Optus 10 Communication Satellite, Australia
The Optus 10 communication satellite, designed and built by Space Systems / Loral (SS/L), will offer high-power direct-to-home (DTH) television, mobile communication and digital broadband services to Australia and New Zealand.
The satellite will be owned and operated by Australian mobile service provider Singtel Optus. It will be the tenth satellite to join the Optus fleet.
Singtel Optus awarded a contract to SS/L in March 2011 to design, develop, examine and deliver the Optus 10 spacecraft. The satellite will offer telecommunication services to the region, including remote areas.
It is the second satellite being developed by SS/L for enhancing the Optus fleet capacity. SS/L supplied the satellite bus for Optus C1 spacecraft in 2003 to transport hosted equipment for the Australian Defence Forces.
Optus 10 is scheduled for launch into geostationary earth orbit (GEO) through the SS/Loral-LS-1300 bus platform in mid-2013.
Optus 10 design
The satellite will be designed and developed at Palo Alto, California. It is being designed for a lifespan of 15 years. It will weigh around 3,200kg at launch and consume 5kW of power.
The satellite will have two unfolded solar wings, each comprising three solar panels for supplying electrical power.
It will provide voice and data communications services using small ground station terminals situated at different locations in Australia and New Zealand. The spacecraft is being designed to be smaller than the conventional communication satellites currently existing in the market.
Optus 10 is a digitally channelised satellite that will render communication capacity, connectivity and flexibility. The 24 Ku-band active high power transponders deployed in the satellite bus will be connected to two gateway beams, Australia and New Zealand, for offering mobile, cable distribution, corporate network and fixed satellite services. The satellite boasts fixed and steerable beams of high efficiency suited for DTH services.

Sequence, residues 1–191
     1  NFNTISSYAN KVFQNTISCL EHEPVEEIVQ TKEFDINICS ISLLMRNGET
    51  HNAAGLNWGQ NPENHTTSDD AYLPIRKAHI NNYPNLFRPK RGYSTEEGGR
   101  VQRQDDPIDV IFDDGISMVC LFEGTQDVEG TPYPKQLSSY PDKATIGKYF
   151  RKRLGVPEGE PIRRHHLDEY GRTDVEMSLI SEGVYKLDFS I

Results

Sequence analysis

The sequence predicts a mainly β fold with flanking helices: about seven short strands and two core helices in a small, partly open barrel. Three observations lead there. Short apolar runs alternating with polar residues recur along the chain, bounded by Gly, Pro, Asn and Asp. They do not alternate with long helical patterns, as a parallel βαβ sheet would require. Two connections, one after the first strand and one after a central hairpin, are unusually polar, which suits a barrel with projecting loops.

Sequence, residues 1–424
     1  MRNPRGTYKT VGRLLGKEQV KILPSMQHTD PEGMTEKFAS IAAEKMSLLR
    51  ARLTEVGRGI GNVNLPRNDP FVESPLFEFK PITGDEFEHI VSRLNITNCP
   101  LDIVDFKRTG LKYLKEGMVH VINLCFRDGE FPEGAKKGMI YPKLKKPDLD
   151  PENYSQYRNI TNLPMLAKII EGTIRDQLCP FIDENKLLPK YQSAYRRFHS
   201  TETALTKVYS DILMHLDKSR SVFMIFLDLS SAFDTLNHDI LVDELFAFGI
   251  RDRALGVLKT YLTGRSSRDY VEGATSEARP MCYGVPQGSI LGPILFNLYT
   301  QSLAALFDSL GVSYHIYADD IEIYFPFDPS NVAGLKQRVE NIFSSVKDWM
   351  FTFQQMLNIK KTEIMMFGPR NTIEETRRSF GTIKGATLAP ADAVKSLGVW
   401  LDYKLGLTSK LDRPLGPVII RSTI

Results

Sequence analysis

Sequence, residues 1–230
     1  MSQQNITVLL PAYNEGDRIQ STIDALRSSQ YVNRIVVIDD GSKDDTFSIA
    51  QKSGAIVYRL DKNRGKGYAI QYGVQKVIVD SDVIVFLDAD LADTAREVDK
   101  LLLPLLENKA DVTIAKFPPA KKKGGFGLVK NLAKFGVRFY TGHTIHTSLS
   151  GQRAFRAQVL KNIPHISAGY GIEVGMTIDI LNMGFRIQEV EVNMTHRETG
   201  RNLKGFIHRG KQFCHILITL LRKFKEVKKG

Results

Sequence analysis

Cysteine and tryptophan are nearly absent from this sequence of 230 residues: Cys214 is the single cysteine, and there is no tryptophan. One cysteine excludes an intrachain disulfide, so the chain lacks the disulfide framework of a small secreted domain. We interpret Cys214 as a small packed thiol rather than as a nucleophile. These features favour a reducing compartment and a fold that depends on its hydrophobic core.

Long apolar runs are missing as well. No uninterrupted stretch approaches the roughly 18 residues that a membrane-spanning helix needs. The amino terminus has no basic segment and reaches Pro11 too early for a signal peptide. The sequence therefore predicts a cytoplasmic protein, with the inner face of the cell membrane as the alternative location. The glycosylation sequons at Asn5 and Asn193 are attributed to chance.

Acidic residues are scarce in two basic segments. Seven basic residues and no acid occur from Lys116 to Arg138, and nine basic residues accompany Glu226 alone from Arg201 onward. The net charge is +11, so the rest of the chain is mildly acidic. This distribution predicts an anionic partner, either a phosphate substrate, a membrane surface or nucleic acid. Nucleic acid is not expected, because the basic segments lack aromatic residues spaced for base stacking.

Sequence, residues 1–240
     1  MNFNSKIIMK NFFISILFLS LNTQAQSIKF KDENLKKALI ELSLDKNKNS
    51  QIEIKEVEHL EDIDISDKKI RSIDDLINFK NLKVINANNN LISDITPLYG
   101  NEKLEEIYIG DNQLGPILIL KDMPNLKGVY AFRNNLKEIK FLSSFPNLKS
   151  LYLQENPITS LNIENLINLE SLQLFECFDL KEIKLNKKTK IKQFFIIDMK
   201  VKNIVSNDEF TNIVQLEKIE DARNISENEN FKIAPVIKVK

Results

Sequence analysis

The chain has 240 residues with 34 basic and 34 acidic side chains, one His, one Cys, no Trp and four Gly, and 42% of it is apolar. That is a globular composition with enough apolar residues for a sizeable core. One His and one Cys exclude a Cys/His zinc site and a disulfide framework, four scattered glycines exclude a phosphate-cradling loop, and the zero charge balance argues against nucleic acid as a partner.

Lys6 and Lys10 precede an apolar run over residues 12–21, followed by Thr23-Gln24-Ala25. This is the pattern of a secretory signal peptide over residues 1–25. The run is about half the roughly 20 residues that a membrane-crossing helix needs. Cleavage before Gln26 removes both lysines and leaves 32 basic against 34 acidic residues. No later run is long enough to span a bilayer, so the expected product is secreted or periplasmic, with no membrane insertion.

LS-1300 satellite bus
Ariane 5 is a heavy-load launcher, designed to put commercial satellites into geo-stationary orbits at low cost.
Designed and built by Space Systems / Loral, the LS-1300 is an advance satellite bus primarily used for geostationary communications. It is powered by an ion-electric propulsion system to reduce the weight of the satellite bus.
It can carry 5,500kg of payload. It renders a total satellite power ranging between 5kW and 12kW with the on-board transmitter power of 5,000 RF watts.
The satellite bus is designed to serve for a period of 15 years and will retire after 17 years of launch into orbit.
The LS-1300 was first introduced in 1980s and can carry 70 active transponders. With lightweight and robust structure, the satellite bus is equipped with fuel efficient attitude and station keeping thrusters, batteries, and modern command and control systems.
Launch vehicle for Optus 10
In October 2011, Singtel agreed to launch the satellite aboard Ariane 5 rocket, which is manufactured by European Space Agency (ESA). Arianespace will provide the launch service operations for the satellite.
It will be launched from the Guiana Space Centre located in French Guiana.
Optus 10 can be controlled from four operational centres, which include East Coast Australia, West Coast Australia, South Coast Australia and North Coast New Zealand using ground equipment hardware and software. These centres will be used for satellite tracking and data delivery. The operational centres will also coordinate during launch missions.
The ground station will be designed and manufactured by Space Systems / Loral and installed at the international customer sites. The telemetry tracking and command (TT&C) system will enable the ground station operators to identify, command, control and monitor the satellite when diverging from its geostationary orbit.
The ground station operators will communicate with the spacecraft through a 36MHz bandwidth assigned by the service provider.